Noxious weeds are plants designated by federal, state or local officials as injurious to public health, agriculture, recreation, wildlife or property. Once a weed is classified as noxious, authorities are empowered to take a variety of actions to contain and manage it.
At the federal level, for example, the Department of Agriculture (USDA) has designated 112 aquatic, parasitic and terrestrial plants as noxious. USDA has the authority to limit the interstate transport of noxious weeds, to establish quarantines, and to inspect, seize and destroy noxious weeds discovered at ports of entry and exit, nurseries and other sites.
State and local officials who are on the front lines in the battle against noxious weeds also have broad authorities within their own jurisdiction – enabling them to designate noxious weeds and to defend against them. Together the states have designated almost 600 weed species as noxious.
In addition, each state has established its own requirements for the control and movement of noxious weeds and noxious weed seeds within its borders. States can establish quarantines, seize noxious plants and require landowners to treat noxious weeds growing on their property.
WSSA recently interviewed noxious weed authorities in Delaware, Mississippi, North Dakota and Wyoming about their noxious weed control efforts. Seven best practices emerged from those discussions.
1. Narrow your focus.
Many states take a “less is more” approach and limit their noxious weed list to those plants that represent the greatest threat. Delaware, for example, has just six weeds designated as noxious, while Mississippi has 10, North Dakota has 11 and Wyoming has 30.
“We try to keep our list short and simple,” says Chelsey Penuel of the North Dakota Department of Agriculture. “Otherwise it’s too hard for us to manage and too easy for landowners to forget.”
2. Go local.
Since noxious weed challenges can vary widely, many states with successful control programs focus on localization, with funds and control programs tailored to reflect each community and its noxious weed challenges. Wyoming, for example, requires a local weed and pest organization in each of the state’s 23 counties – empowering them to fund control programs by levying local property taxes.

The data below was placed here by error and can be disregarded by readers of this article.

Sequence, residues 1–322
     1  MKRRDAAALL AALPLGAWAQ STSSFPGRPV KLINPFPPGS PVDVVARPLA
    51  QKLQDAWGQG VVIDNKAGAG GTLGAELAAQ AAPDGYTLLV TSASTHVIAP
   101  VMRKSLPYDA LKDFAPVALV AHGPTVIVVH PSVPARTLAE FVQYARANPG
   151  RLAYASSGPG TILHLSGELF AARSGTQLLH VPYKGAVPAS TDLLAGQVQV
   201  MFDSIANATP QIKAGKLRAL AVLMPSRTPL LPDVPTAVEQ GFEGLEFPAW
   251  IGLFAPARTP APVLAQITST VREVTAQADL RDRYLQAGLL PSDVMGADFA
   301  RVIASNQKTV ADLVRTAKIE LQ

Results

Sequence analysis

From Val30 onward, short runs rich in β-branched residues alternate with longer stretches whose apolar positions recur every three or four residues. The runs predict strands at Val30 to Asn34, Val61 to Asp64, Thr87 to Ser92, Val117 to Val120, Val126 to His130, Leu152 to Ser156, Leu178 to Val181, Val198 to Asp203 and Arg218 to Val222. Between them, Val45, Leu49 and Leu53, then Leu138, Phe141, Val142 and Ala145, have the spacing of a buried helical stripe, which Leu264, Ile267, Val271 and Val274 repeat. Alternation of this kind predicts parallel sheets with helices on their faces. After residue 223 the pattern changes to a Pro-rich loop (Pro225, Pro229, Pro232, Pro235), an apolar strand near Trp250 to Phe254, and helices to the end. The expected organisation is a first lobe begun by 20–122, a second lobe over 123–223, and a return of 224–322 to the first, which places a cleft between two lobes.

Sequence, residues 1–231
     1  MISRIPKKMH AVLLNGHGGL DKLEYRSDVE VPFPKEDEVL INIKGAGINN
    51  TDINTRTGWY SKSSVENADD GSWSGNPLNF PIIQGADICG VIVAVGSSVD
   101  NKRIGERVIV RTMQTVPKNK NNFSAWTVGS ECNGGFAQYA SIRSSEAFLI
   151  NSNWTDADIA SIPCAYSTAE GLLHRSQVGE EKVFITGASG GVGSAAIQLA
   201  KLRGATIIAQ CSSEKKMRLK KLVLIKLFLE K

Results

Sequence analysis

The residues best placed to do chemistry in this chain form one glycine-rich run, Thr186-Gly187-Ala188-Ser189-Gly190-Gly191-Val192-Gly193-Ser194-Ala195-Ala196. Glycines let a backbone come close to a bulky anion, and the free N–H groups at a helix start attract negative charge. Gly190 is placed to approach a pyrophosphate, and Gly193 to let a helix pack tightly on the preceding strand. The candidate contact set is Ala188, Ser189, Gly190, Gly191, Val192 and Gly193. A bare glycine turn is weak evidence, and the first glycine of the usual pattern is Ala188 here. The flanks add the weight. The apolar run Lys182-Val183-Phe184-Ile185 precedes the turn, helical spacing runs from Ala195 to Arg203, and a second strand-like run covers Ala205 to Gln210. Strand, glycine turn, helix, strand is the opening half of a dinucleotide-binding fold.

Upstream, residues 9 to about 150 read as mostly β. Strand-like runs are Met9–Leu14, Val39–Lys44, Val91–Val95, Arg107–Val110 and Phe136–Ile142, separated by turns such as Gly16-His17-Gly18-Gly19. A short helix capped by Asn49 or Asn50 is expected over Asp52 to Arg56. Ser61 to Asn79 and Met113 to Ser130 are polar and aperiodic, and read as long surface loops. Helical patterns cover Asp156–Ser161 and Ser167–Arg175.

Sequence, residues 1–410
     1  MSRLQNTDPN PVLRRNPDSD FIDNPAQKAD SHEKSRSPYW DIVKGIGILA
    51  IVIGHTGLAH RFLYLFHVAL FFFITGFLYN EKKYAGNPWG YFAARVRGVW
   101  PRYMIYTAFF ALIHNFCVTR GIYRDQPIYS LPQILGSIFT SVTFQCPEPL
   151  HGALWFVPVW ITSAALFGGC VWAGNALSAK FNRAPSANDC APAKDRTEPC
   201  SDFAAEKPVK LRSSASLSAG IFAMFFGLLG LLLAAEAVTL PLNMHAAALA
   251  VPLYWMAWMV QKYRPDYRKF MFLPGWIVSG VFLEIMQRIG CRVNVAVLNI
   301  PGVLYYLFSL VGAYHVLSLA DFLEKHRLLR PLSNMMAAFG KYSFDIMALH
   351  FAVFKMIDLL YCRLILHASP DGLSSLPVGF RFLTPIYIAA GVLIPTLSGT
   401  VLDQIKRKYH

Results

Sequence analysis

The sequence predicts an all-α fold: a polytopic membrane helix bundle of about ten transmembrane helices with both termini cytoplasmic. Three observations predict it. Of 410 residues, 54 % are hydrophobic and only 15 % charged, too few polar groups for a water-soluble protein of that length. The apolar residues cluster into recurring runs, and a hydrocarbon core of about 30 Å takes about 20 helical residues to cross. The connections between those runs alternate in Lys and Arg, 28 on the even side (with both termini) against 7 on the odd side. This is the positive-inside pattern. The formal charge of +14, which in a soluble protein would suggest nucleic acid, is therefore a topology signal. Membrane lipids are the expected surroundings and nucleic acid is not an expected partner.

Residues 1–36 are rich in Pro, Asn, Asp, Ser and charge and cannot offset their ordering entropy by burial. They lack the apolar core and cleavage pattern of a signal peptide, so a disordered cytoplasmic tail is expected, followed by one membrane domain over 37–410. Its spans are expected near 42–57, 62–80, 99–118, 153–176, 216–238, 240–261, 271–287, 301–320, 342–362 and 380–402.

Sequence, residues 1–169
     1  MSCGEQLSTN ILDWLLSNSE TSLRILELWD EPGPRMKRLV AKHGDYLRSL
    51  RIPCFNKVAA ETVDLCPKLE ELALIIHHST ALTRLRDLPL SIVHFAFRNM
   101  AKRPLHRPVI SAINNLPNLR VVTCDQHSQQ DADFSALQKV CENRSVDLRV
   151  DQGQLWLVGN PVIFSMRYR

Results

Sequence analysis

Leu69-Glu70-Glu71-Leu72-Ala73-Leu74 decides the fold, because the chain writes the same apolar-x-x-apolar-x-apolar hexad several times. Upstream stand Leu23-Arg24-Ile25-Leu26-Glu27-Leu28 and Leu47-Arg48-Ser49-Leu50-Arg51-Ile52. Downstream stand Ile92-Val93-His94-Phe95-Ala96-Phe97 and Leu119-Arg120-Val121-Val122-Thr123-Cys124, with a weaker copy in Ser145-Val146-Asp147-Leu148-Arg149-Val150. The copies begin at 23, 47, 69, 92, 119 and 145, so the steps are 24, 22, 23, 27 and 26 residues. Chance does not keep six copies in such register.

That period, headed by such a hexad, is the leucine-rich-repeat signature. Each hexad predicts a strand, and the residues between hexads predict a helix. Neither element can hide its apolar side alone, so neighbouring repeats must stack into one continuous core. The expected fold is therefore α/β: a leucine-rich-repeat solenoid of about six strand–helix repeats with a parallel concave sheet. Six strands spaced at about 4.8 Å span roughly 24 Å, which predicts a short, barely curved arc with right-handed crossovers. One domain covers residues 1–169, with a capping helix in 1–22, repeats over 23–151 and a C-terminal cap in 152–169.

North Dakota places a similar emphasis on localization by empowering city and county weed boards to enforce noxious weed controls. Targeted Assistance Grants are available to help them fund their noxious weed management strategies.
3. Emphasize partnerships over penalties.
Without exception, the experts we interviewed say they use enforcement actions only as a last resort. Instead, they partner with landowners to help them address noxious weed infestations without incurring a significant financial burden.
Wyoming, for example, offers a cost-sharing program, with districts paying up to 80 percent of the control costs and landowners paying the remainder.
“We have quarantine authority, but seldom use it,” says Slade Franklin, state weed and pest coordinator for the Wyoming Department of Agriculture. “By offering cost sharing, we don’t often have to go down the regulatory path.”
Chelsey Penuel says North Dakota takes a similar approach, with cost-sharing programs administered by local weed boards. “As a result, local noxious weed officials are more likely to be seen as a partner than an enemy,” she says.
John Byrd, Ph.D., of the Mississippi State University Extension Service says his state’s cost-sharing strategies were instrumental in the control of noxious cogongrass. Grant monies were used to provide landowners with the herbicides they needed to treat the grassy weed. State officials even hired contract spraying teams to help with the control effort.
Delaware has established a unique equipment loaner program to support landowners who lack the sprayers or wipers they need to treat emerging noxious weed infestations. They can simply borrow the equipment from noxious weed officials.
In Mississippi, John Byrd addressed equipment affordability by designing a low-cost applicator landowners can use to treat noxious Chinese tallow tree. He uses a simple hydration backpack available at most any sporting goods store to house the herbicide, and then attaches a large livestock syringe to deliver precise applications.
“You simply hack through the tallow tree bark and then use the syringe to inject one milliliter of herbicide into the opening,” Byrd said. “It’s a great way to kill the tree with minimal herbicide, while also protecting adjacent trees.”